By Tom Winnifrith | Monday 14 September 2020
Once again the heroic boss of JD Wetherspoon has dared to speak out against the GroupThink gripping academia, the media, and the political classes on the subject of Covid. As an example of this madness, rather silly Daily Telegraph reporter Helena Horton was today lecturing the actor Laurence Fox on twitter about his idea of meeting six folks for a drink tonight.
She tweets: If you’re going to do this ridiculous childish shit, do it in your house or in a park, do NOT put pubs at risk of closure or force hospitality staff to be in such an uncomfortable position! They have to make sure people obey the rules or they risk being closed!
In the old days, Telegraph staff who understood GroupThink would have questioned the utterly insane rule of six introduced by the Government. Why is it that Laurence Fox risks Covid spread by meeting six folks in a boozer when we are all being urged by the Government to go back to work in offices where there are far more than six people? But Helena thinks her job is to support Government lunacy by berating impudent actors and she does so without looking at whether there is any hard data to support this. On that matter, over to Tim Martin who actually has some facts, something the Telegraph used to regard as the basis of a good article.
Tim says today:
Pub company Wetherspoon reports that it has had approximately 32 million customer visits to its 861 open pubs in the 10 weeks since 4 July. There have been 66 positive tests for Covid-19 among its 41,564 employees during this time. 811 pubs have reported zero positive tests, 40 pubs have reported one, six pubs two, two pubs three and two pubs four.
Most of the reported cases have been mild or asymptomatic and 28 of the 66 employees have already returned to work, after self-isolating in accordance with medical guidelines.
So 32 million folks went into Wetherspoon’s pubs and that resulted in how many cases? Does that data really mean that Fox should only go drinking with five pals, not six?
“The situation with regard to pubs has been widely misunderstood. For example, Professor Hugh Pennington, of Aberdeen University, has said, without scientific evidence, that pubs are “dangerous places to be. This sort of negative view about pubs may have been fuelled by inaccurate press headlines. The Daily Mail (11 September), for example, said “Britons have promised to run riot” during the weekend and referred to the situation as being like “the last days of Rome”. In fact, trade was very quiet over the weekend, as the public weighed up the evidence about the alleged dangers of going out – Wetherspoon sales were 22.5% below the equivalent Saturday last year.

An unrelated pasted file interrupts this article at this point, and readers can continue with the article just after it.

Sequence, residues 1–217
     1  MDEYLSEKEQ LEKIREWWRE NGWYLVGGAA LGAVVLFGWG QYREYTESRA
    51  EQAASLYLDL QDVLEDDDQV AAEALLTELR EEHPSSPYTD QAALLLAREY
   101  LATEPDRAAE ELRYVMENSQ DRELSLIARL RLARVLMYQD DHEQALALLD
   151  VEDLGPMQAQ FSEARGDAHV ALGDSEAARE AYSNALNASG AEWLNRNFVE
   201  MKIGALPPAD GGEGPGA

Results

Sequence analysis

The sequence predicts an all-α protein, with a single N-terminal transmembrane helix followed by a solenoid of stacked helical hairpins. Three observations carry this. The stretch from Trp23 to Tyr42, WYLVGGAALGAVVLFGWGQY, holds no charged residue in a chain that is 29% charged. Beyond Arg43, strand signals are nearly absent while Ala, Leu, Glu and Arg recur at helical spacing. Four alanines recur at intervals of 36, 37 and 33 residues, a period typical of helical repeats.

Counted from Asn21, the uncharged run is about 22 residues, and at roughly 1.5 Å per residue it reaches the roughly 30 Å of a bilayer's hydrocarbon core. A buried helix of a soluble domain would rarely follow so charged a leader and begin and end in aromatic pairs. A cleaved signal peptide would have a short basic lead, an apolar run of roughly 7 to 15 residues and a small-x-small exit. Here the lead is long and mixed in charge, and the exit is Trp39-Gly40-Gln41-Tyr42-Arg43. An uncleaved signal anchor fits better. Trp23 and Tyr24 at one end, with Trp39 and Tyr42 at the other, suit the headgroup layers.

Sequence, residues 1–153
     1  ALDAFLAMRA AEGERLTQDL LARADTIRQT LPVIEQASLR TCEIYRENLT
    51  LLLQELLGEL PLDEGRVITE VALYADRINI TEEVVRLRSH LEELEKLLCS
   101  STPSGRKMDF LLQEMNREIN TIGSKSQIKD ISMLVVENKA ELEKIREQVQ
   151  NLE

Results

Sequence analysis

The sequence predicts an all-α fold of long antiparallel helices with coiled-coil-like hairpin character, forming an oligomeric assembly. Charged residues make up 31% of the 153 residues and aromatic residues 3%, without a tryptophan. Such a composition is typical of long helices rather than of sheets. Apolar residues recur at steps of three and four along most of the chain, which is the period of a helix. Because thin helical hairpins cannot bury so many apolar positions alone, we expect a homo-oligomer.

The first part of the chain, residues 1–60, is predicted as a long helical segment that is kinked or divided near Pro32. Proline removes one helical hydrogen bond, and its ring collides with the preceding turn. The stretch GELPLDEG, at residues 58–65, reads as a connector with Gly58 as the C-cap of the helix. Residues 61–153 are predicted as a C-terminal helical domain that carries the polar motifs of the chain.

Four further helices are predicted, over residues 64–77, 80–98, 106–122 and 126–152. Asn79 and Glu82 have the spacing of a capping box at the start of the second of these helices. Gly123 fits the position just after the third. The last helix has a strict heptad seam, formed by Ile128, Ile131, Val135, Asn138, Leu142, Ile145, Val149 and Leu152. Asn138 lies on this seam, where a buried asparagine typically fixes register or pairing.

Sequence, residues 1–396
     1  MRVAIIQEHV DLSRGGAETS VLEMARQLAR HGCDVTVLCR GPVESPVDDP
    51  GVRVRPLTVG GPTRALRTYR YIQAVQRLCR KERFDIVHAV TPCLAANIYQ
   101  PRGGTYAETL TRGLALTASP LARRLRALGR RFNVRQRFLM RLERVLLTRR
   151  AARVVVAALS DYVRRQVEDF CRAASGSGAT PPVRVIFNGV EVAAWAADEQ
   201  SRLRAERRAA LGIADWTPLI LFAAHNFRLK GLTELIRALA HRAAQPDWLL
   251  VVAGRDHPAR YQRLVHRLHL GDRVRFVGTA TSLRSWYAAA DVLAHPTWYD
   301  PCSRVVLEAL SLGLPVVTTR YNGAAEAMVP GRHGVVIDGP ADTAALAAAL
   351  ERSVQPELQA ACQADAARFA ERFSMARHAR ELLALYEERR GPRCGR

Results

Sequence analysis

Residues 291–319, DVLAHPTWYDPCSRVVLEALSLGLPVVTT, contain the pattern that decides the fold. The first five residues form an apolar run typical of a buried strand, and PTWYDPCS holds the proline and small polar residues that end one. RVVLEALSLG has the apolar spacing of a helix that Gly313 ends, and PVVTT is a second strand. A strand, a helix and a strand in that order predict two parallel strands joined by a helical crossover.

It is clearly not the case that pubs are “dangerous places to be. There have been more positive cases at one farm in Hereford than at all Wetherspoon pubs – and over four times as many at one sandwich-making facility in Northampton. As Swedish epidemiologist Johan Giesecke has said, strong scientific evidence shows that handwashing and social distancing, as practised by most pubs, work.
In this connection, Wetherspoon has invested around £15 million on comprehensive social distancing and hygiene measures. These include reducing capacity, spacing out tables, the installation of screens between tables and around tills, and an average of ten hand sanitisers per pub. Bad decisions are built on false presumptions, like those of Professor Pennington and the Daily Mail.
As Councillor Ian Ward, leader of Birmingham City Council, has recently said “The data we have shows that the infection rate has risen, mainly due to social interactions, particularly private household gatherings. In shops and hospitality venues there are strict measures in place to ensure they are Covid-free, whereas it is much easier to inadvertently pass on the virus in someone’s house, where people are more relaxed and less vigilant.”
If pubs are closed, or restricted so much that they become unprofitable, a great deal of the strenuous effort of the hospitality industry’s 3.2 million employees, currently engaged on upholding hygiene and social distancing standards, will be lost – leaving the public to socialise at home or elsewhere, in unsupervised circumstances. A major difference between the UK’s and Sweden’s approach, as reflected in comments from the Daily Mail and the approach of the government, is a lack of trust in the public.
The UK has adopted a colossally expensive “big brother” approach, based on exhortation, lockdowns, bewilderingly frequent changes of direction and other heavy-handed initiatives. In Sweden, public policy is based on trusting the people and this will eventually lead to far superior results.”
Of course, the Swedish policy is already delivering superior results – a far lower death rate than the UK and whereas cases (though not deaths) in much of Europe are rising sharply, in Sweden case numbers are falling. And the economy has not been trainwrecked.
The real risk to jobs in the pubs & hospitality sector comes not from Fox having a beer with six mates, or from me refusing to wear a mask if I enter a restaurant in Scotland, or from me giving my name as Anthony Blair if asked to register by my local boozer. The risk comes from insane Government policies driven by the media and political GroupThink and refusal to look at hard data.